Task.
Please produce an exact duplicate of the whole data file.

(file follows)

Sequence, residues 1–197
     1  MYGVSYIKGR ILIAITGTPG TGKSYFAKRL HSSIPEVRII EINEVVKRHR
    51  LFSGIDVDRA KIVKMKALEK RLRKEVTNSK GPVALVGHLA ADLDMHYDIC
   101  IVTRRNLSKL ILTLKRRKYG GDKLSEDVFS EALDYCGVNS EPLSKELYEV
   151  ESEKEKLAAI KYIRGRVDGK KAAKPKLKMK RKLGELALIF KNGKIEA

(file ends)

Sequence, residues 1–197
     1  MYGVSYIKGR ILIAITGTPG TGKSYFAKRL HSSIPEVRII EINEVVKRHR
    51  LFSGIDVDRA KIVKMKALEK RLRKEVTNSK GPVALVGHLA ADLDMHYDIC
   101  IVTRRNLSKL ILTLKRRKYG GDKLSEDVFS EALDYCGVNS EPLSKELYEV
   151  ESEKEKLAAI KYIRGRVDGK KAAKPKLKMK RKLGELALIF KNGKIEA